“Father went to check on our house. The trees were bare, it was at the beginning of April. The trees were not green yet so we could see through their branches. As the front was approaching, the Russian airplanes were flying lower and lower. Father was walking down the street leading to the stadium and our house. We were in the woods and we were watching as a grenade fell right in front of him and wounded both his legs. Fortunately, he wasn’t far from our house, so he somehow dragged himself home. But what to do next? There were no people, only some kind of emergency medical service. They provided some basic treatment for his wound. He had to go to bed immediately because he was bleeding severely. He couldn’t return and we were left alone – in the woods.”
“They loaded us on a wagon and we had to move out. We had to leave everything there. All our crops and animals. It was still autumn, before All Saint’s Day. We had to leave everything. Our year’s crop for which we worked so hard, hay, potatoes, beets... Everything had already been ready for our cattle. My father was about fifty-two, and they made him leave his house. He was a farmer all his life and now he had to leave. And the people in Šulekovo didn’t even know us. They took us in; they said we could live with them. The lady was a widow, and her son was disabled. She saw that my father was hardworking, and because she didn’t have a husband, my father would help her in her field.”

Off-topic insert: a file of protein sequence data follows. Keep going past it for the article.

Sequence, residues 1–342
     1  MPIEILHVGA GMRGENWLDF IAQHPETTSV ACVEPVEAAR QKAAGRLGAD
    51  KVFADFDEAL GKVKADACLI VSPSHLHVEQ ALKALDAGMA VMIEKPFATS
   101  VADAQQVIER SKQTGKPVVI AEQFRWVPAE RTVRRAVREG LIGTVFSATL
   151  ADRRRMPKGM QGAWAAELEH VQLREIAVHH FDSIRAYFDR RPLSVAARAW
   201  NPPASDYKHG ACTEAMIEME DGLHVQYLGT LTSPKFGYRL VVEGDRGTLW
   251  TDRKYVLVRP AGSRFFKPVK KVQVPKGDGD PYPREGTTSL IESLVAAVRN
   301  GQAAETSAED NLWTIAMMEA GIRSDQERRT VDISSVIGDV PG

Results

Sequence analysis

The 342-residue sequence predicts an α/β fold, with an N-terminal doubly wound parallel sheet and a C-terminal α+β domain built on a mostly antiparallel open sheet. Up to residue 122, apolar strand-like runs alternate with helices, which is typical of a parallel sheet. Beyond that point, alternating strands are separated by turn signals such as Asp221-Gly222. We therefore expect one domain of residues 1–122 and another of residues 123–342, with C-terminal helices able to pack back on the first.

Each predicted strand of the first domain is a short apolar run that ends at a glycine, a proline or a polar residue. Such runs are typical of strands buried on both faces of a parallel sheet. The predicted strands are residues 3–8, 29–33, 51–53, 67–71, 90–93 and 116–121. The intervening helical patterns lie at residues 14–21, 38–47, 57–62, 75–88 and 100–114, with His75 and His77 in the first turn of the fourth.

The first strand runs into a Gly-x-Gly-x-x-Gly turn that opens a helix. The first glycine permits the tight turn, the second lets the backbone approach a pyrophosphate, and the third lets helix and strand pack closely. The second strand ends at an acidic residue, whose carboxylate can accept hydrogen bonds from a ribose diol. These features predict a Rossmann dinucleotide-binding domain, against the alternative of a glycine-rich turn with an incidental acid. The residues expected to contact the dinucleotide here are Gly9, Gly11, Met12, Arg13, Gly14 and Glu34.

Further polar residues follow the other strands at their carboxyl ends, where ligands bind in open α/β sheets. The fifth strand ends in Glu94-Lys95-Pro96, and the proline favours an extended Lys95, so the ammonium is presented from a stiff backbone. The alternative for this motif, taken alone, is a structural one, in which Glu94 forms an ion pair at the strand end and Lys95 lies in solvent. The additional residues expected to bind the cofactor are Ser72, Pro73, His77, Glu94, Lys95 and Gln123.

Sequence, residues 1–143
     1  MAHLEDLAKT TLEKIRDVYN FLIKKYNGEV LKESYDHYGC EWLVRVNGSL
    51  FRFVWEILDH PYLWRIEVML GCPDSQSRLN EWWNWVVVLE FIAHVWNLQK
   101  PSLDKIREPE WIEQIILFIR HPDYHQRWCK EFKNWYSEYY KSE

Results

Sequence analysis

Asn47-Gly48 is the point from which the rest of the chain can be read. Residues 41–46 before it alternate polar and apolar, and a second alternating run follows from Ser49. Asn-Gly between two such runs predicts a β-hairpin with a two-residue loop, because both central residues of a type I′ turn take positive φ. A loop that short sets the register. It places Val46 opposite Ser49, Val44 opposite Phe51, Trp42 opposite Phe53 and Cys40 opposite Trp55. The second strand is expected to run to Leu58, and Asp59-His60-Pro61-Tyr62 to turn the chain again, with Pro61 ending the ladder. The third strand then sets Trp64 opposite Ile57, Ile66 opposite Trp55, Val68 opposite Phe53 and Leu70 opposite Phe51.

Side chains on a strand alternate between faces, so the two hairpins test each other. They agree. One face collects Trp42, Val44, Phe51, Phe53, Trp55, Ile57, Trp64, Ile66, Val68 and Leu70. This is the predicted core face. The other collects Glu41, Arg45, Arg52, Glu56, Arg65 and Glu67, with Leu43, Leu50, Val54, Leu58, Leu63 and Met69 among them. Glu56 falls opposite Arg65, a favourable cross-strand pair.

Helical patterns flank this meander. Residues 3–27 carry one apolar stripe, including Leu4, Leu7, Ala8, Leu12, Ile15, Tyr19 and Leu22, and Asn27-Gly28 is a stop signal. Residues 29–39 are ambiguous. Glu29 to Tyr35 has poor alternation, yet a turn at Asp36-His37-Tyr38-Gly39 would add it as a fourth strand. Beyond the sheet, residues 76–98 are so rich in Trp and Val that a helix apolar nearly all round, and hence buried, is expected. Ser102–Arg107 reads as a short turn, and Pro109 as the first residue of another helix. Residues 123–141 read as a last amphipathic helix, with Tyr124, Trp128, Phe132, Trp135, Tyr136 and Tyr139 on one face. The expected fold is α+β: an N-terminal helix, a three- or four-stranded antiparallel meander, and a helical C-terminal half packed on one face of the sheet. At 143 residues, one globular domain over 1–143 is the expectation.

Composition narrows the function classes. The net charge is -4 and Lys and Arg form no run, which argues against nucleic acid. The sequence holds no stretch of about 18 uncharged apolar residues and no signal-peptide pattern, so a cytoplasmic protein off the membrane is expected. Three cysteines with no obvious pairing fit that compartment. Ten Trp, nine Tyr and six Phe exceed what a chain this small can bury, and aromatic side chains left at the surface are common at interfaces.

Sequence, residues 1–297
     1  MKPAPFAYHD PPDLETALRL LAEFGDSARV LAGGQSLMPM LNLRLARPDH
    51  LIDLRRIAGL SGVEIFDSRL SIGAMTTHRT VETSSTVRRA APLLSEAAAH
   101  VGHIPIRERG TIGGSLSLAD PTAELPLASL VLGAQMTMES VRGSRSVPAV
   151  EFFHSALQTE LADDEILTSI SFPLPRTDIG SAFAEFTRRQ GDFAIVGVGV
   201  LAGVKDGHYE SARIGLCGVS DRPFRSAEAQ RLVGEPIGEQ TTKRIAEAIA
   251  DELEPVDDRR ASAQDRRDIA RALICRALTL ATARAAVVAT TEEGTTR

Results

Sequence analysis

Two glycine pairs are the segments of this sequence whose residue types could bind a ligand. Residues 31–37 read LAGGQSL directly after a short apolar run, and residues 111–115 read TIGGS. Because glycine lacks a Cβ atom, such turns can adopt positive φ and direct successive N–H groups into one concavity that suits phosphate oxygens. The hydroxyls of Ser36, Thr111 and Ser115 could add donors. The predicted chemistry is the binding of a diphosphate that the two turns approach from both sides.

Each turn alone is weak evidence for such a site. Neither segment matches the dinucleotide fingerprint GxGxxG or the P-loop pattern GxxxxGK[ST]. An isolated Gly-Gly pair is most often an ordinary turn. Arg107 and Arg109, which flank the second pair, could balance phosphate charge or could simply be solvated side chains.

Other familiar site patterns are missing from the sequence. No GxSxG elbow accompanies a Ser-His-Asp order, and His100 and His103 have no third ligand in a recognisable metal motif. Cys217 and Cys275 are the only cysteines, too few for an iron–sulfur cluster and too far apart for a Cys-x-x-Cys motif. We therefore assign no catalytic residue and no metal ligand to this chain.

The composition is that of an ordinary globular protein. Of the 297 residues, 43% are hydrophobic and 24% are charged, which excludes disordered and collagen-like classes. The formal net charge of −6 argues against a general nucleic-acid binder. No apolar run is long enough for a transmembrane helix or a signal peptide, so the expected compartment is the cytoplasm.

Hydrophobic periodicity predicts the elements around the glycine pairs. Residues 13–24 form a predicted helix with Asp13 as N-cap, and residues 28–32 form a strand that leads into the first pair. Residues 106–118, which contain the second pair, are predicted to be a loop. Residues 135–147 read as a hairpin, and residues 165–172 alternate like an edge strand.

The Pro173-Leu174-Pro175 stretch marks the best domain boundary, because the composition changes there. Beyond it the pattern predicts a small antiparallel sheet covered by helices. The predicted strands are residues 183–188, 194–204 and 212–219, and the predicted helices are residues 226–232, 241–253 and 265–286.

“Father was very pale after the accident. He was lying on the bed when a Russian came in and said: ‘You German, you German.’ And he was poking him with his automatic rifle. We didn’t even know what a ‘German’ was. And father was repeating that he was Slovak. But we couldn’t understand each other. And the Russian soldier was still poking him with the rifle because he thought that my father was a wounded German soldier. Then my mother waved at our neighbour who lived up the street. He was younger and he could talk with the Russian a little. He explained that my father was a ‘khozyai’ – a farmer, and he was pointing at my father’s clothes. At any time, the Russian was ready to pull the trigger and kill my father. But he didn’t.”
Rozália Encingerová, née Zajíčková, was born in 1930 in Dúbravka. After completing four years of lower secondary education, she went on to work on the family farm. As a pupil, she witnessed the bombing of Bratislava in June 1944. Her family home was later occupied by German officers for three weeks. When the Soviet army was approaching, she and her family spent three days hiding in the woods. Her father was seriously wounded in a grenade explosion. After the establishment of the Communist regime, he refused to join a collective farm and that led to the family being designated as ‘unreliable’ and evicted from the frontier zone of the republic. They left for Šulekovo, a village near Hlohovec, where they lived with another family for three years. As an adult, Rozália returned to Dúbravka and she got a job in a glass factory where she worked for ten years. Her parents then moved into an old house in Lamač where they spent two years and demanded the restitution of their property. In 1955 Rozália got married and moved to Devínska Nová Ves. In 1957 her parents got their house back. After her four kids were born, Rozália has mostly been taking care of the household. She still lives in Devínska Nová Ves.